Judgement at Iraq

Just finished watching "Judgement at Nuremberg" on televsion. http://www.imdb.com/title/tt0055031/

So now I find myself longing for 1960's America. Or more specifically, for a time when "survival" and the privileges of class seemed not mankind's highest aspirations.

But maybe I'm just deluding myself about actual reality then. After all, I was every bit of 8 years old at the end of that decade. But having watched Nuremberg I say unabashedly that the art of film has not risen since.

Sure "Million Dollar Baby" (though I haven't actually seen it yet) looks like a true, honest, and moving film, but does it address the larger philosophical issues reflected in times such as these. Times of war. Times where the speed of life and death (mostly death) seem accelerated.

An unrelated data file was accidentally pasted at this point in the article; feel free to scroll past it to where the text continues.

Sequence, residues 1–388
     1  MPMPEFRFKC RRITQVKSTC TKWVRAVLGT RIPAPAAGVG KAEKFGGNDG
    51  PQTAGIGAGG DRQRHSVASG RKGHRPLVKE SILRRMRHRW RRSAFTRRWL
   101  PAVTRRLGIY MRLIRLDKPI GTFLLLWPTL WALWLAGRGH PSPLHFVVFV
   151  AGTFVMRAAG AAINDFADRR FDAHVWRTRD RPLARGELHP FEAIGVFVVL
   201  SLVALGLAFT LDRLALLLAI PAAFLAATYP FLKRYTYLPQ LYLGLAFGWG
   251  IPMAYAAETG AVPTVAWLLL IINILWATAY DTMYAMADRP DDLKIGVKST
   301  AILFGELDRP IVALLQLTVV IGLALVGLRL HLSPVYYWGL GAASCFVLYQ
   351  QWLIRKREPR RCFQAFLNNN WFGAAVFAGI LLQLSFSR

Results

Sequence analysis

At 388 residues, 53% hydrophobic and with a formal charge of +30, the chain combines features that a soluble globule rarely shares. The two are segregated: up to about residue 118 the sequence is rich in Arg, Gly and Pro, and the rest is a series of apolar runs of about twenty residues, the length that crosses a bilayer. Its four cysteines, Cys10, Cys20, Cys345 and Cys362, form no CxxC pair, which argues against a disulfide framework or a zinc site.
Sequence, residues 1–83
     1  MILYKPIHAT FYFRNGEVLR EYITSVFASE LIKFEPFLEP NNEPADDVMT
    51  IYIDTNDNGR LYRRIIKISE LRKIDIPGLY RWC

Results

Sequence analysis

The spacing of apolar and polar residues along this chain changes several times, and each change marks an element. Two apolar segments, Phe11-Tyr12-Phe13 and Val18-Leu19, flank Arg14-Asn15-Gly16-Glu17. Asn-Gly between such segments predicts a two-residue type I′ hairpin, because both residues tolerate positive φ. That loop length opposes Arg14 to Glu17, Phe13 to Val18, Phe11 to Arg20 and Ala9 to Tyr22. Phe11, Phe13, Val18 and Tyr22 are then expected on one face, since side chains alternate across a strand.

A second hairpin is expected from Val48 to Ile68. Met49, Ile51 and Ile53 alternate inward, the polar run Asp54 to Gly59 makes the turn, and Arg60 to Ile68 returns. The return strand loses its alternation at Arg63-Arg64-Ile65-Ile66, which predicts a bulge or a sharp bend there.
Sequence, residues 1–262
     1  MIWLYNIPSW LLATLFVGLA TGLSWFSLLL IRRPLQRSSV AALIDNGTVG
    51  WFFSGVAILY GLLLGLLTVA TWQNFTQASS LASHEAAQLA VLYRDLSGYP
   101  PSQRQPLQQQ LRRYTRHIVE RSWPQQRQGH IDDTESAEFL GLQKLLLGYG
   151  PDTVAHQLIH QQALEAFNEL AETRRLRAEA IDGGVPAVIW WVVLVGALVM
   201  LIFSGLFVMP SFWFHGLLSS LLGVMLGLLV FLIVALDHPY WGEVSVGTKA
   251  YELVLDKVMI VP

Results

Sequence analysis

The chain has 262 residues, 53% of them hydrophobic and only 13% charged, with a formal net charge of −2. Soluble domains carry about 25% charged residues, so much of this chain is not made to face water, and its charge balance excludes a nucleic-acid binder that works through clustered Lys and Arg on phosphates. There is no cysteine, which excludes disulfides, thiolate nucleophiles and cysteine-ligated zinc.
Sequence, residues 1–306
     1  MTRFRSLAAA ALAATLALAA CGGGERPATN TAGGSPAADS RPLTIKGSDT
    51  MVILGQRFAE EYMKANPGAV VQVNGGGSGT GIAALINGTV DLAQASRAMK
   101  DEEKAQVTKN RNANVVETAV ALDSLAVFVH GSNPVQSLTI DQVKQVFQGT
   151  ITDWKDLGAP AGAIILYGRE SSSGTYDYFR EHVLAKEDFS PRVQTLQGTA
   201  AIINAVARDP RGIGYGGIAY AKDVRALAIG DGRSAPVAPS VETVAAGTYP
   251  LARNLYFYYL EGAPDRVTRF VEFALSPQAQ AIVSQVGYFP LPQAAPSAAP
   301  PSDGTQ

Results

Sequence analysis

OK. By today's standards, if not those of 1961, Nuremberg's morality was too obvious. Its acting too good. Its actors too fragile (Montgomery Clift and Judy Garland, both past their careers and very near the end of their lives... embarassingly tragic.)

But then that's really the point isn't it? At least for me it is. I mean, as human beings, what is it that we survive for? To what true purpose? To what great end? I was taught: for the advancement of our species -- for its highest principals and noblest aspirations.

So how does torturing human beings, simply because, given the opportunity, they would torture and behead us, fit this model of Western idealism? Are national pride and "animal spirits" ( http://www.marxists.org/reference/subject/economics/keynes/general-theory/ch12.htm ) really worth dying -- and killing -- for? Nuremberg said NO. But Iraq says YES.

Biology is our curse. Art our last, best hope. And for today at least, Spencer Tracy is my hero.

Todd Ryder